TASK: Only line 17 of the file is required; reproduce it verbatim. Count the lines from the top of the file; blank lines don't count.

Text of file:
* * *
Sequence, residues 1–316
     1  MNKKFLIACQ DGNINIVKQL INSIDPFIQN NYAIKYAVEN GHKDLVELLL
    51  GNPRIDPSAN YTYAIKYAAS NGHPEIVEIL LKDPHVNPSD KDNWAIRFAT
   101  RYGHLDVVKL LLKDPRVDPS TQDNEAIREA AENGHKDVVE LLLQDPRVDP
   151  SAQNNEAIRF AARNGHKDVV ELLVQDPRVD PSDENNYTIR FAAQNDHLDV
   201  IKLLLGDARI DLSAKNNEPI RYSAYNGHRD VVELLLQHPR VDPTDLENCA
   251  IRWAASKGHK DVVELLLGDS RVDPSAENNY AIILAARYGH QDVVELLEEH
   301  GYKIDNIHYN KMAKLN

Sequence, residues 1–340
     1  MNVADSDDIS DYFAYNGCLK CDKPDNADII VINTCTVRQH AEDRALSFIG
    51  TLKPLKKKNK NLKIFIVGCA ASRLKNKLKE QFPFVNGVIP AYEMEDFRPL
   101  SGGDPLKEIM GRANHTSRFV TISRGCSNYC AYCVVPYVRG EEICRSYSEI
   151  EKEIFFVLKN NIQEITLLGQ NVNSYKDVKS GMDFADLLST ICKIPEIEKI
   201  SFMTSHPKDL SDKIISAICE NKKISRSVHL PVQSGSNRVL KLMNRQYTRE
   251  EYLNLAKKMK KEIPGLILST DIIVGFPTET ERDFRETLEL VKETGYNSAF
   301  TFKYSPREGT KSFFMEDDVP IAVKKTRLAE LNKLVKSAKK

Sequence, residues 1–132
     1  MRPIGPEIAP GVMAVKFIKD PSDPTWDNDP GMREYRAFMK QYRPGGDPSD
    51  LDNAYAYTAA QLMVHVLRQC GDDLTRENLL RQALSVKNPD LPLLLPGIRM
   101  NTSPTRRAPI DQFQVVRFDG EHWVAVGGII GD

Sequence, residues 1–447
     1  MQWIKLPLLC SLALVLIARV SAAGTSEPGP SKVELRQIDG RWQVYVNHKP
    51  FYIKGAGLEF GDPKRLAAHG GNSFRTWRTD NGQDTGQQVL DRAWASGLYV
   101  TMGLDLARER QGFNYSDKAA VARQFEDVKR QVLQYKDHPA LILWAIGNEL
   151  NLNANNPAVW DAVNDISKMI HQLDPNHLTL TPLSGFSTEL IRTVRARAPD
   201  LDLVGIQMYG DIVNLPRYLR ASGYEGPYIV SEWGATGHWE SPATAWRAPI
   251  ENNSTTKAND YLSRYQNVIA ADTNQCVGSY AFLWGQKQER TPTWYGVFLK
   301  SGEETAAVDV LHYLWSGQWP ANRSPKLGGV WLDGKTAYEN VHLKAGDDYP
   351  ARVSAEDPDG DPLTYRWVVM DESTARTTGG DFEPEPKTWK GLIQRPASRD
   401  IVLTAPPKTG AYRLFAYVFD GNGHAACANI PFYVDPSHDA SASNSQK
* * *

Sequence, residues 1–132